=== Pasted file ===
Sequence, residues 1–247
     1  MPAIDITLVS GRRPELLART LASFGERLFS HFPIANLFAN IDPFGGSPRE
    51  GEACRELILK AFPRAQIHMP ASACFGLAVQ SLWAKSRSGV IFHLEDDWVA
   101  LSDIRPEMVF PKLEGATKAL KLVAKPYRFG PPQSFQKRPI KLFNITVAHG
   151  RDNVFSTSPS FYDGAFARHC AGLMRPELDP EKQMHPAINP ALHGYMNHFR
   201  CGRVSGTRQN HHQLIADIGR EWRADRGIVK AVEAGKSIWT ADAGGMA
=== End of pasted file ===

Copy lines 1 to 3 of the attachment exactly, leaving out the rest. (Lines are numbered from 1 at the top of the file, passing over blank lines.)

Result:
Sequence, residues 1–247
     1  MPAIDITLVS GRRPELLART LASFGERLFS HFPIANLFAN IDPFGGSPRE
    51  GEACRELILK AFPRAQIHMP ASACFGLAVQ SLWAKSRSGV IFHLEDDWVA